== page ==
Occupying central Southwest Virginia including Smyth, Tazewell, and Wythe counties is a twisty and turny motorcycle ride that’s unlike any other. The Back of the Dragon begins in Marion and terminates in Tazewell. This middle section is part of the larger Dragon Series that includes the Tail of the Dragon in North Carolina and Tennessee, the Head of the Dragon in West Virginia, and the Claw of the Dragon also in Virginia.

The Back of the Dragon is located smack in the middle of the five loops that compose the Claw of the Dragon which means an almost unthinkable amount of ride options couched in the secluded, tree-filled scenery of Southwest Virginia. Ranging from 62 to 224 miles in length, there’s plenty to explore, but the Back of the Dragon is particularly beautiful. The route meanders along a cliff through its entirety, offering stunning and far-reaching views of the land below between eyefuls of luscious trees dotting a barely trafficked road. For the best experience, tackle it at sunrise or sunset—the area really lights up and it feels almost other-worldly.

Once you tackle this part of the Dragon, it’s going to be almost impossible to stop you from wanting to see the rest. You’ve been warned.

Custom Tours for Any Traveler

GearHead will provide visitors guided motorcycle tours of the area.
    Renee Sklarew
GearHead will provide visitors guided motorcycle tours of the area.
Renee Sklarew

Whether it’s the Dragon that’s got you hooked or something else, GearHead Moto Tours in Pearisburg (which spun out of motorcycle repair shop of the same name) offers all-inclusive motorcycle tours to enthusiasts of all stripes. In talking to Terry Rafferty, the owner of the whole shebang, about his business, his passion for what he does is practically palpable. He explains that when it comes to the kinds of tours people can book, "Nothing is impossible. That’s kind of the motto here. I’m here for the people, to give them the best time possible and show them Giles county. There are so many beautiful areas."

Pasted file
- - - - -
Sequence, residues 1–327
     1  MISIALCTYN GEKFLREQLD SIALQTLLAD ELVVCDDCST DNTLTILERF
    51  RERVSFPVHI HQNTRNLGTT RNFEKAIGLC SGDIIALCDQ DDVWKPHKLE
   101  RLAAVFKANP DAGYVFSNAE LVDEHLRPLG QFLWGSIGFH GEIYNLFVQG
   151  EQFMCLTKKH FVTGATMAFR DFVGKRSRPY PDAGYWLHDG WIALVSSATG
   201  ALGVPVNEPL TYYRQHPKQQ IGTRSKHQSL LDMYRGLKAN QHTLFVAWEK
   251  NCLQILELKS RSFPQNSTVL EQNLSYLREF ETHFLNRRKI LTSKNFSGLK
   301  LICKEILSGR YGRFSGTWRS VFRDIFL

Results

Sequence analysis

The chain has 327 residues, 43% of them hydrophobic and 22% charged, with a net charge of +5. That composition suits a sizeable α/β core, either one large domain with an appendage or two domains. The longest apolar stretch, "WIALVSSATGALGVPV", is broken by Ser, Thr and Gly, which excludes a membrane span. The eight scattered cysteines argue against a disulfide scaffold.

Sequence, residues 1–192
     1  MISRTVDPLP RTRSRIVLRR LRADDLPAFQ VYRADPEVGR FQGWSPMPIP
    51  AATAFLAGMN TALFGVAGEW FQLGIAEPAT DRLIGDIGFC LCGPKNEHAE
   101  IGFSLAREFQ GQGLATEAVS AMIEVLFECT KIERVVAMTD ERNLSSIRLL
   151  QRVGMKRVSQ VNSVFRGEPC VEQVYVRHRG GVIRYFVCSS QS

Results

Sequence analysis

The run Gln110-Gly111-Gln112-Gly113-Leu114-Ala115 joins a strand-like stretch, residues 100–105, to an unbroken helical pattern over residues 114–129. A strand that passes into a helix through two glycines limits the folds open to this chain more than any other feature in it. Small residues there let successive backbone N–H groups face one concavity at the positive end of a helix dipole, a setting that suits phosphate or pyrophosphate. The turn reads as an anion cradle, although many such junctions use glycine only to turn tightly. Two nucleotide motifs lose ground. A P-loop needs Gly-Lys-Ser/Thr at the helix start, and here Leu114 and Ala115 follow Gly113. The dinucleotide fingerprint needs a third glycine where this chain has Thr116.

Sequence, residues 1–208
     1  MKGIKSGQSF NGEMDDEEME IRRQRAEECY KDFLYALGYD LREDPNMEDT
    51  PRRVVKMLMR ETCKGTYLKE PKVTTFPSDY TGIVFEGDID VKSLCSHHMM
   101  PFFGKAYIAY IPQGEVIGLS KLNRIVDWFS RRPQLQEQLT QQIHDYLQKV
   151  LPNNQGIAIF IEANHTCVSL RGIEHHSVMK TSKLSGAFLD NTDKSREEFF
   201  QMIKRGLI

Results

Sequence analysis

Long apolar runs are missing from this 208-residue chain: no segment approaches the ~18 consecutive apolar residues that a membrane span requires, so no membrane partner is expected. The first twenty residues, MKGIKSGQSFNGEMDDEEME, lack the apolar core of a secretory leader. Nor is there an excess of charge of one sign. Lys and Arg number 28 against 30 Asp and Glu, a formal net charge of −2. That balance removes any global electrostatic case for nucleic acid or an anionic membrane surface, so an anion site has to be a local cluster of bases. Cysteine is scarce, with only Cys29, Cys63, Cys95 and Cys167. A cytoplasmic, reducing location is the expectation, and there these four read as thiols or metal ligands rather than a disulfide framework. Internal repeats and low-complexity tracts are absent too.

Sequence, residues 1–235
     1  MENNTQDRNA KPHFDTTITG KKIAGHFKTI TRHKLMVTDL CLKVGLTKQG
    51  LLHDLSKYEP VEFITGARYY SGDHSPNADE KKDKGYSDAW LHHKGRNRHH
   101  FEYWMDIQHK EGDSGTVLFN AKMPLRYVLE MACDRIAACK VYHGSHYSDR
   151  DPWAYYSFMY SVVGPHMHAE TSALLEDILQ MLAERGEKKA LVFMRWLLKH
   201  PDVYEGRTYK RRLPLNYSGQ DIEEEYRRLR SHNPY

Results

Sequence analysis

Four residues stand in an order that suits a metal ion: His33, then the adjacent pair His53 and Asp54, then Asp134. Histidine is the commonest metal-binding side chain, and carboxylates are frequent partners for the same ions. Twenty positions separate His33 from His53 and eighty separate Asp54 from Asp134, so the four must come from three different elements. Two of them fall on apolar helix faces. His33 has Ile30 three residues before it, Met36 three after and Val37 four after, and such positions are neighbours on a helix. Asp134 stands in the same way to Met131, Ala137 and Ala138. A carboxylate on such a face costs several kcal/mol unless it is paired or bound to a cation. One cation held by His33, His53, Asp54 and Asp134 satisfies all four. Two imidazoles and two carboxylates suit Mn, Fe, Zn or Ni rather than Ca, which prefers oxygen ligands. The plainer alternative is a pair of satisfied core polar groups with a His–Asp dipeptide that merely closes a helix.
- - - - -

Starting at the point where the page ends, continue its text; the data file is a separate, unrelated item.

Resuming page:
Rafferty went on to explain that the team, which includes his other guide Derek Snider, is really energetic about what they do because it’s their passion. "I’m so fortunate to be able to do what I do every day," he adds.

When it comes to what he does, the sky's the limit. GearHead serves everyone from solo travelers to corporate staff members looking for a fun team building experience. While their tours work best in pods of four or so, soloists can take advantage of the events GearHead advertises on its Facebook page and snag a single spot. The best is that Rafferty totally gets solo travel, explaining that they’ll pair people in a party of one with others on a trip, but that you’ll still get your own room and bathroom accommodations to stay in. "None of that awkward dual occupancy stuff," he notes.

GearHead can outfit you with a motorcycle as well.
    Renee Sklarew
GearHead can outfit you with a motorcycle as well.
Renee Sklarew

GearHead tours can be hard to define because they’re so customizable. The company recently took a couple on a romantic retreat tour, putting them up in a nice cabin and bringing in chefs to cook for them. On the other end of the spectrum, another recent tour included camping and the GearHead team cooked for the guests. On other outings, Rafferty will take guests to sample local restaurants. "What we’re trying to do is give the flavor of the place to our customers," he says. “There’s everything from nice dining spots to mom and pop places. When people come here they’re trying to get away from having Starbucks every morning.”

The terrain you cover and how you cover it is just as much up to you as where you stay and what you eat. They’ve got dirt roads for riders looking for technical challenges, two-lane paved routes for those trying to relax a bit, and access to trails on private property to ensure that you have an experience unlike any other. The key to offering such a variety of adventures are the dual sport motorcycles they use—essentially street-legal dirt bikes that can traverse diverse terrain.

One of Rafferty’s favorite spots to take his guests is Butt Mountain Fire Tower Overlook where visitors can see three states at once. "It’s also where Dirty Dancing was filmed," Rafferty adds as an aside.

All you need to participate is a motorcycle endorsement on your license and proof of motorcycle insurance if you plan to drive. They provide you with everything else—all the riding and safety gear you could possibly need to have a great time in Southwest Virginia.